There are many much stronger cases in the law, where similar expressions have been decided not to be equivalent to an assent. Perring and others vs. Hone, 13 E. C. L. R. 328, Opinion of Best, J. Rees vs. Warwick, 2 Barn. and Ald. 133; observed upon by Parke, J. in Fairlie vs. Herring, 13 E. C. L. R. 78. Powell vs. Jones, 1 Esp. C. 17. 2 Pardessus Cours de Droit Commercial, 171.
But if, in mercantile language, the expression conveys the idea of assent, there should be some evidence offered of that fact. The learned judge before whom the case was tried, erred in leaving it to the jury to say, 1st. Whether defendant in error, by his letter of April 20th, instructed the plaintiffs in error; and 2d. Whether the plaintiffs in error recognised these instructions; when no evidence whatever was laid before the jury to enlighten them as to the meaning of the expressions used. Story on Agency, 63. 72, n. 1. Ekins vs. Maclish, Ambler, 184, 185. Mechanics' Bank vs. Bank of Columbia, 5 Wheat. 326. Lucas vs. Groning, 2 E. C. L. R. 61. Macbeath vs. Haldimand, 1 Term Rep. 172.
M'Gran, in his letter of July 30th, in which he complains of the sale of the cotton, really admits the right of the Browns to sell, in order to meet the bill drawn on them. He says, 'I do not recognise the sale, and do not consider you authorized to sell the cotton before the draft drawn on you by Brown, Brothers, and Company, against this cotton, falls due. If the price is higher on that day than the day you sold it, I will expect you to allow me the difference; and if it is lower, I will be prepared to pay you any balance I may owe you.'
Now this abandons the whole ground. M'Gran, by his letter of April 20th, had instructed, as it is contended on the other side, the plaintiffs in error not to sell until they heard from him again. They did not hear from him again until August 23d, when his next letter, dated July 22d, and ordering them to sell, was received. Now the plaintiffs in error were bound by the instructions of M'Gran, or they were not. If they were bound, they had no right to sell until August 23d, when his orders to sell were received. If they were not bound, as M'Gran admits—for he concedes that they had a right to sell at the date of the maturity of the draft, August 5th—then they were to use their own discretion, as skilful and honest factors, as to the time of sale. M'Gran admits they had a right to sell in order to meet the bill, notwithstanding his instructions; but limits them to a single day that of the maturity of the draft. This position is absurd. On that day it might have happened that no purchasers could be found, or that the cotton had fallen so low that the whole would not produce enough to meet the bill.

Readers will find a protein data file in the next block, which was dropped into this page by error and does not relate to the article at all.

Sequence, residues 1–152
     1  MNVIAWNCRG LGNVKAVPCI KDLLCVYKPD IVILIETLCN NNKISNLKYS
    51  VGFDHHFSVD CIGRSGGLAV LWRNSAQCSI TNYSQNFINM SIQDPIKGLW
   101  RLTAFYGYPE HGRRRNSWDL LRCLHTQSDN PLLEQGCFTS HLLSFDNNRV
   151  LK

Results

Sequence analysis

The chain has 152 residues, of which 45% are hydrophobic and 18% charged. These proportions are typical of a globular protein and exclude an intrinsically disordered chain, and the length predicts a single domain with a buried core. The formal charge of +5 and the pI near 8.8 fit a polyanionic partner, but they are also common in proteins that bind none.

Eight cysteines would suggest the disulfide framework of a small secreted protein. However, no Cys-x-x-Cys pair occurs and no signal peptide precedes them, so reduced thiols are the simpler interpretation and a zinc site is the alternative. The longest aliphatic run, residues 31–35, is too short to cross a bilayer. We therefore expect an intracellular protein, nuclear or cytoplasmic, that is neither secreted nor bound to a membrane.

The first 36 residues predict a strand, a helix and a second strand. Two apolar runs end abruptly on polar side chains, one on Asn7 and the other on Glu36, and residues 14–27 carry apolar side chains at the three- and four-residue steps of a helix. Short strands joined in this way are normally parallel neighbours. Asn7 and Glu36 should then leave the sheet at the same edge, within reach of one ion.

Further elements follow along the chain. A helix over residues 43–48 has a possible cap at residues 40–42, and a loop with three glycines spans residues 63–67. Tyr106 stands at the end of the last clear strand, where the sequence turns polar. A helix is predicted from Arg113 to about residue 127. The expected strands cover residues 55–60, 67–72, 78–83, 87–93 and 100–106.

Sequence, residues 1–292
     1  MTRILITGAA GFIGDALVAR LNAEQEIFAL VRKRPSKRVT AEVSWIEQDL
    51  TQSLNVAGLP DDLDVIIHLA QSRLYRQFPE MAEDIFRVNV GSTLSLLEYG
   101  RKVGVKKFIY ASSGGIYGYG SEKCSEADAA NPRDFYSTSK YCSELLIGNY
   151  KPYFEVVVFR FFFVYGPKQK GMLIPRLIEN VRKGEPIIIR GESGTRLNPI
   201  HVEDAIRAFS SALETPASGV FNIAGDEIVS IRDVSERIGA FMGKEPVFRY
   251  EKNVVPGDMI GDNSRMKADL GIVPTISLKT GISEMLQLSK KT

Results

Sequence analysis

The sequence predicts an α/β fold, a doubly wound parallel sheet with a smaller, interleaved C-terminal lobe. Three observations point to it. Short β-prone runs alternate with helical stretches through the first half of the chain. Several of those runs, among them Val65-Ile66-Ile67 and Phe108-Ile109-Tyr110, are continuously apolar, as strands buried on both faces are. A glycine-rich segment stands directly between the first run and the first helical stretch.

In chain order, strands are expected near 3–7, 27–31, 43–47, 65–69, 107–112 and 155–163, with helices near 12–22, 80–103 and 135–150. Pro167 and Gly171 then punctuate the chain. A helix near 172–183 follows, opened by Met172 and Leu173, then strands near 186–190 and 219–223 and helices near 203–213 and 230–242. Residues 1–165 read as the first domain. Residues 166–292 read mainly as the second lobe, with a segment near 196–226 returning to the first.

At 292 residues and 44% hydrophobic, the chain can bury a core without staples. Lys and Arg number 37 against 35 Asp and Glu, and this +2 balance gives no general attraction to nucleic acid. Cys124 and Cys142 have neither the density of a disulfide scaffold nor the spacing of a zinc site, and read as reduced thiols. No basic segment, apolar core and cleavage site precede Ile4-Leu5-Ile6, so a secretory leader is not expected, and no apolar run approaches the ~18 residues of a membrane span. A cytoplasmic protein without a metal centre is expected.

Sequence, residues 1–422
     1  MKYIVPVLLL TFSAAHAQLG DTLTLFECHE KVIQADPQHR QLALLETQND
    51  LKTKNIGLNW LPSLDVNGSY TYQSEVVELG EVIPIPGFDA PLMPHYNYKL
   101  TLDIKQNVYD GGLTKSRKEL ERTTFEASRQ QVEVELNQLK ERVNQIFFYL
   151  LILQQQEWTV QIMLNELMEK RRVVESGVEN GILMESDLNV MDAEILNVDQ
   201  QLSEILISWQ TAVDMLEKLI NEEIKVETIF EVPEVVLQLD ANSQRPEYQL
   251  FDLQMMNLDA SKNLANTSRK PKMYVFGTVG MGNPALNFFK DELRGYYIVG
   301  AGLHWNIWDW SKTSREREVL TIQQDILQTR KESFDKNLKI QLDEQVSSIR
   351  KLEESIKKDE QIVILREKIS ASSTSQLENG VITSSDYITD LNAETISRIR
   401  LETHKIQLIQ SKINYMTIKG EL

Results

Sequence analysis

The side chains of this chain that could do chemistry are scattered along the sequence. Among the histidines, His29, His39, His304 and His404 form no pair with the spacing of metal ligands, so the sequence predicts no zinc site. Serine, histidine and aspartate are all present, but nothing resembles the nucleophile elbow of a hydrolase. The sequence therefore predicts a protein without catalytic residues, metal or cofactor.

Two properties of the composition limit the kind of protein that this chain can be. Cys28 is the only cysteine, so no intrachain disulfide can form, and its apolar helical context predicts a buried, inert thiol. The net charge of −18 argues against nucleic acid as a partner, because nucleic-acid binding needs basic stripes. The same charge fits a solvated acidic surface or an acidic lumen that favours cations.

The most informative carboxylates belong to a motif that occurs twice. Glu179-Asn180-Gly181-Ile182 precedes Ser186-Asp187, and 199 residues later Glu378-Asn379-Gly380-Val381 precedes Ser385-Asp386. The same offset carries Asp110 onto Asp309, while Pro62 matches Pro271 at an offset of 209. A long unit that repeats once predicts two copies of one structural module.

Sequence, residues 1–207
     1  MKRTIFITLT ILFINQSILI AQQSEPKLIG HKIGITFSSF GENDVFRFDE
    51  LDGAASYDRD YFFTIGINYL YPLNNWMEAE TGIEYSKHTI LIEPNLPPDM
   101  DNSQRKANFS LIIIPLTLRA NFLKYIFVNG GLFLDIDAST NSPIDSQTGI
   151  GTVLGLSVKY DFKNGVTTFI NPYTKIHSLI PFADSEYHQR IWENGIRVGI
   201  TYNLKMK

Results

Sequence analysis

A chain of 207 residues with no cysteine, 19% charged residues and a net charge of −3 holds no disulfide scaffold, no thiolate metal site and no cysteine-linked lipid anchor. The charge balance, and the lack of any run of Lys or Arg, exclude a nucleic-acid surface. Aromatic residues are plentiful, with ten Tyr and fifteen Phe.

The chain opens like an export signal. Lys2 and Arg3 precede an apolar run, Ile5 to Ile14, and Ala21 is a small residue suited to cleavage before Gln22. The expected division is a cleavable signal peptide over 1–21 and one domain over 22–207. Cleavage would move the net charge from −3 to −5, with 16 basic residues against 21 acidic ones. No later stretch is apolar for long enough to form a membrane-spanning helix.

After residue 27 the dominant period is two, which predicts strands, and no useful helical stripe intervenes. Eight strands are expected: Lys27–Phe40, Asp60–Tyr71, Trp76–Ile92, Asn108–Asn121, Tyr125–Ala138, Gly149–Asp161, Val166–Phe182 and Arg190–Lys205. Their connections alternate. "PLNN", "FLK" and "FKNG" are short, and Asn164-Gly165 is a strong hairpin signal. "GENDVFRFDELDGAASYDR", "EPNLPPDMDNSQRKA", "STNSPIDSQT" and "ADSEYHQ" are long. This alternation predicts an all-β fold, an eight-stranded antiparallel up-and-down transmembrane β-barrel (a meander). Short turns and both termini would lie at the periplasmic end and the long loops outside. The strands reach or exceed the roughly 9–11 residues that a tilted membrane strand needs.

Again, if M'Gran had the right to instruct his factors to hold his cotton for four months, he would have had the same right to instruct them to hold it for four years. He might have done so with little inconvenience to himself; for he had received as an advance nearly the whole invoice cost.
This argument derives much additional force, from the fact that M'Gran, at the time when the order not to sell was given, had become insolvent, and was in debt to plaintiffs in error.
The policy of the law will induce the Court to uphold the sale. The Messrs. Brown acted in good faith, and no doubt, with prudence, although the result proved unsatisfactory. They did all that could be expected, for they acted for M'Gran precisely as they did for themselves. On the same day they sold six hundred and seventy-seven bales, on account of nine different parties, in part of which their Baltimore house was interested; and, within a week previously, two hundred and fifteen bales, in which the Baltimore house was also concerned. A larger business was done at Liverpool in cotton during the week in which the sale was made, than had been done in any one week for the preceding eight years. The cotton was held upwards of fifty days, and sold at a profit of nearly ten per cent. more, according to the testimony, than is generally realized in that article. Where no fraud is chargeable on an agent, his conduct ought to receive a liberal and favourable construction. Drummond et al. vs. Wood, 2 Caines, 310.